These small-town values became the cultural centerpiece of white suburban Monterey Park through World War II even after it experience significant population increases in the 1950s and the 1960s. The wartime economy had injected life into real estate development and Monterey Park was one of the communities in Los Angeles to feel growth again.11 Numerous veterans settled in the area, thanks to the G.I. Bill of 1944, and they continued through the 1950s, solidifying Monterey Park’s image as a respectable and modest middle-class community. Around this time, Monterey Park began to see newcomers from other ethnic groups, namely “Latinos from adjacent East Los Angeles, Japanese Americans from the west side of Los Angeles, and Chinese Americans from nearby Chinatown.”12 Though the diversity of Monterey Park had increased, it was still seen primarily as a homogenously white suburb of Anglo-Saxon Protestants. These residents supported a variety of early Monterey Park social institutions, such as the influential Monterey Park Lions Club and the local newspaper, Monterey Park Progress. The Lions Club was a community service organization that brought most of the white residents at the time together for projects like “White Cane Days,” a vision-impaired assistance initiative and helped local leaders obtain city council positions. The Progress’ structure and content is perhaps the most telling of Monterey Park’s pride in being a tightly knit, homey community; it featured—at this point in its existence—columns called “Bird on Nellie’s Hat” for the community’s latest social events, “The Church Mouse” for church gatherings, and “Neighbor of the Week” in addition to regular obituaries, marriage announcements, and school honor rolls.13 With a focus on the local and the familiar, the Progress also served activist functions, particularly in another dispute over the County of Los Angeles as a whole wanting to build a county dump by Monterey Park. Not only did the newspaper garner heavy criticism and outrage at such a proposal, they managed to force the issue all the way to the governor to “prohibit larger governmental bodies from placing dump sites without the local jurisdiction’s permission.”14 This purposeful decision is not only consistent with the Progressive attitude of California as a whole, but it also highlights the weight of human choices in the direction Monterey Park ultimately takes. Such was the cultural identity of mid-twentieth century Monterey Park, as well as much of Los Angeles as a whole at the time: the single family detached homes with spacious yards organized into consolidated and intimate communities with the convenience and commerce of the city was something of great value to them. This idea, however, was also sought after by the latest wave of immigrants to Los Angeles—an influx that constantly aids and cripples Los Angeles through the years—as they found themselves in the land of opportunity. As the 1950s continued in Monterey Park, the community found itself welcoming Hispanic families and Japanese families who discovered that the suburbia of Monterey Park, unlike the suburbia of other places, was accepting non-Caucasian ethnicities. This relative openness planted the first seeds of multiculturalism and diversity in Monterey Park, which would soon become one of the main factors of enticement for many of the Chinese that were just arriving in Los Angeles.15 Diversity does not truly explain why the Chinese first began to gather in Monterey Park and the resulting snowball effect of more and more residents of Asian descent. The explanation lies in what is called the formation of Monterey Park as an “ethnoburb,” or an “ethnic suburb” distinct from the previous urban formation of Chinatowns in numerous cities. Monterey Park as an ethnoburb, like Los Angeles as an open shop city, is the product of a system of decisions made by its residents and its potential residents. This system is a series of preferences that aligned those of the newcomers with that of the existing community and resulted in the seemingly supernatural phenomenon of Monterey Park. The first Chinese people who wanted to move in to Monterey Park moved in out of desire to escape the unfavorable conditions of Chinatown, where real estate was expensive but not very spacious. Many of these people lived in Chinatown to begin with because they often worked in public sector jobs as engineers where “levels of job discrimination are lower than in private businesses” or were foreign students in the United States to avoid strict and highly competitive educational practices or compulsory military service in China and Taiwan and found jobs that allowed them to remain in the United States. Monterey Park had the huge advantage of being bound by major freeways for ideal transit: In the north, the interstate 10, in the west, the 710, and in the south, state highway 60. This prime location facilitated the commute for work as well as their residual ties to the Chinatown for groceries and socializing.16 This first wave of Chinese immigrants to Monterey Park sought to assimilate into the greater culture of white suburbia, and so at first, the small-town intimacy was maintained. But Monterey Park continued to grow after the first wave of immigrants because many of those belonging to the second wave of immigration knew other Chinese people who were already established in Monterey Park. This second wave of the 1970s preferred to rely on the existing support network of established acquaintances in Monterey Park. However, while their numbers were greater, the defining difference was that they came richer and more culturally Chinese. Their money came from the fact that their occupations were largely business-related and during that time, numerous foreign investors were interested in American investments and their slow assimilation can be attributed to the fact that they did not move into Monterey Park as previous residents of Los Angeles like those of the first wave.17 The newer immigrants thus brought with them material flashiness and obvious foreign flair that the old-fashioned, conservative locals of Monterey Park disliked. “Residents spoke with disdain of the sudden increase of luxury cars in town, of $100 bills flashed in restaurants, of business people wearing tailor-made suits and sporting expensive jewelry.” The arrival of these business-minded Chinese did stimulate the slow, less active business areas in Monterey Park and encouraged the creation of new jobs.18 But as the businesses that were coming in largely began catering to Asian tastes and preferences, they started to muscle out the existing small businesses longtime residents of Monterey Park had viewed as iconic and integral to their way of life.19 For example, the previously mentioned Laura Scudder potato chip factory, became a Chinese grocery store after first transitioning as a Safeway in the 1960s. Landmark changes to the more innocuous adjustments of Monterey Park—such as increased showings of Chinese-language films—became the cultural force to alienate the white residents and change the human and physical landscape of the community.20 Monterey Park’s transformation into what became widely known as “The Chinese Beverly Hills,” strained existing institutions and conventions that did not adapt as swiftly. Schools in the 1970s and 80s, for instance, were inundated with English-learners that disrupted curricular normalcy in Monterey Park’s schools, and the push for possibly having bilingual education in schools coincided with the movement of people supporting the instatement of English as the official language of California. Supporters felt it to be unifying under a common tongue, but the opposition found it divisive and un-American.21 Others still had a mixed view, as Mary Krismunando, long time resident of Monterey Park, wrote to the Los Angeles Times, “I voted for English as the official language. Everyone is proud to be an American and also proud of their foreign heritage.”22 The proposition ultimately passed, to both the approval and disapproval of Californians everywhere, but the implication for Monterey Park and indeed Los Angeles as a whole still stands: the changes brought by new peoples from foreign places will challenge and change the status quo, but it would have to be the choices we make to see that those challenges and changes can benefit all.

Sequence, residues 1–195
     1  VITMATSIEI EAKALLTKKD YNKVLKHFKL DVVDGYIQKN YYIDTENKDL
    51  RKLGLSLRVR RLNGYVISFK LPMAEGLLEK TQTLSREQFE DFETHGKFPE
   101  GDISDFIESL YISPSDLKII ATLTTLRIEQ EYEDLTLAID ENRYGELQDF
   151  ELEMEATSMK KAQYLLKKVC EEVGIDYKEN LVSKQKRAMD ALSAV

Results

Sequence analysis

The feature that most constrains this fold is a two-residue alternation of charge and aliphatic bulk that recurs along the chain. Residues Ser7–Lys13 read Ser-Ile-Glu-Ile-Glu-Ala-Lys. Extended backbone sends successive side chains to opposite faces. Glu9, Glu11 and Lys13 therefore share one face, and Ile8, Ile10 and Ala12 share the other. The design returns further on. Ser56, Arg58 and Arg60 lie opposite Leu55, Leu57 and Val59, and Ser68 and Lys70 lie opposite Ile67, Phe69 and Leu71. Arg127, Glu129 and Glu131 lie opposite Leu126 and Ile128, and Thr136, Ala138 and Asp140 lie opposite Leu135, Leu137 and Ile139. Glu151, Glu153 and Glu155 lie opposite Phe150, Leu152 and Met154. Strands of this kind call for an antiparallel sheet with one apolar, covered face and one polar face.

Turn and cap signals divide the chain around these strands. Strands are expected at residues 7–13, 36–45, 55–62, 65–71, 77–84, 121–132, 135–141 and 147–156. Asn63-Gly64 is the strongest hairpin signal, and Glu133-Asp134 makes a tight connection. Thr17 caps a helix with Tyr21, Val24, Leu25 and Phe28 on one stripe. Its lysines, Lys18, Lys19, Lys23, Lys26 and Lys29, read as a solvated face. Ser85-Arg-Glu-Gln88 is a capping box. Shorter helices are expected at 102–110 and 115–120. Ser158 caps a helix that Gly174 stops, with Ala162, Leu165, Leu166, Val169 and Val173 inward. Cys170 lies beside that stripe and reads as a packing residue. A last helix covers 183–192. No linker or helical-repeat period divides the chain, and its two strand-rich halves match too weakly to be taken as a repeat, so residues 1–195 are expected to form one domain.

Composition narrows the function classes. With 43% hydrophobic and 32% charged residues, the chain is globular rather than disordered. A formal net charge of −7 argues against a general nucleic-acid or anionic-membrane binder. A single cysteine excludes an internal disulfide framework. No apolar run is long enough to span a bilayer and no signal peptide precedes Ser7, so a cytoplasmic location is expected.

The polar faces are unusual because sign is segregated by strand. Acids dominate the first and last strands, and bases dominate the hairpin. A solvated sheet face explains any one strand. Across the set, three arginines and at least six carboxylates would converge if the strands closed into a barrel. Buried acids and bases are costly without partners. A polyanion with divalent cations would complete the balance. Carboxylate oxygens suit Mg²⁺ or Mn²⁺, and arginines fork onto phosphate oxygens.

Monterey Park today is still a bustling ethnic community, but the ostentation and wealth is less pronounced as wealthy Chinese immigrants primarily seek residence in nearby Arcadia or Rosemead. For the past thirty years, the white residents of pre-WWII Monterey Park have been few and far between while the existing Asian residents continue to enjoy the numerous Chinese grocers, restaurants, and bookstores available to them, reminding them of home. There is very little indication that this will change, as specialty Asian food stores still sell pigs’ feet and pigs’ blood and Mandarin will still be the dominant language regardless of what the Constitution of California suggests. Thus, there exists a feeling of stability and establishment that inordinately shortchanges the community’s persistent historical conception. But one only needs to look at the major streets of Monterey Park to be reminded of the actions and choices the people made to remember that Monterey Park is an extension of the people that have lived and passed in its limits. Like Los Angeles as a whole, it is the people the shape the environment all around, from immigrant reception and personal economic preservation to cultural decisions. California may be a magical place, but its magic lies in the minds and hearts of its people.

Notes

1. Fong, Timothy, The First Suburban Chinatown: The Remaking of Monterey Park, California, (Philadelphia, Temple University Press, 1994), 15.

2. Smith, Frances Rand, “The Spanish Missions of California,” Hispania, 7.4 (1924): 243-258.

3. Fong, 16.

4. Ibid.

5. City of Monterey Park. “About Monterey Park.” http://www.ci.monterey-park.ca.us/index.aspx?page=1079 (accessed November 15, 2008).

6. “New City is Race Winner: Monterey Park Files its Papers Ere Opponents Can Restrain.” Los Angeles Times, June 16, 1916.

7. Rasmussen, Cecilia. “Community Profile: Monterey Park.” Los Angeles Times, November 28, 1995.

8. “Monterey Park’s Population to Be 20,000 in 1930, Prediction.” Monterey Park Progress, June 8, 1928.

9. City of Monterey Park, “About Monterey Park.”

10. Fong, 19.

11. Ibid, 20.

12. Ibid, 21.

13. Ibid, 57.

14. Ibid.

15. Li, Wei, “Building Ethnoburbia: The Emergence and Manifestation of the Chinese Ethnoburb in Los Angeles’ San Gabriel Valley,” Journal of Asian American Studies 2.1 (1999): 1-28.

16. Ibid.

17. Ibid.

18. Fong, 48.

19. Ibid, 49.

20. Ibid, 63.

21. Eng, Lily. “Monterey Park Struggles to Speak With One Voice on English Issue.” Los Angeles Times, October 30, 1986.

22. Krismunando, Mary. “Three Cheers for Ethnic Diversity.” Los Angeles Times, November 20, 1986, Letters to the Editor

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About kraftedbykelly
I'm a California girl living in Durham, North Carolina. I like to focus on baking from scratch, student-friendly cooking, and both high and low dining.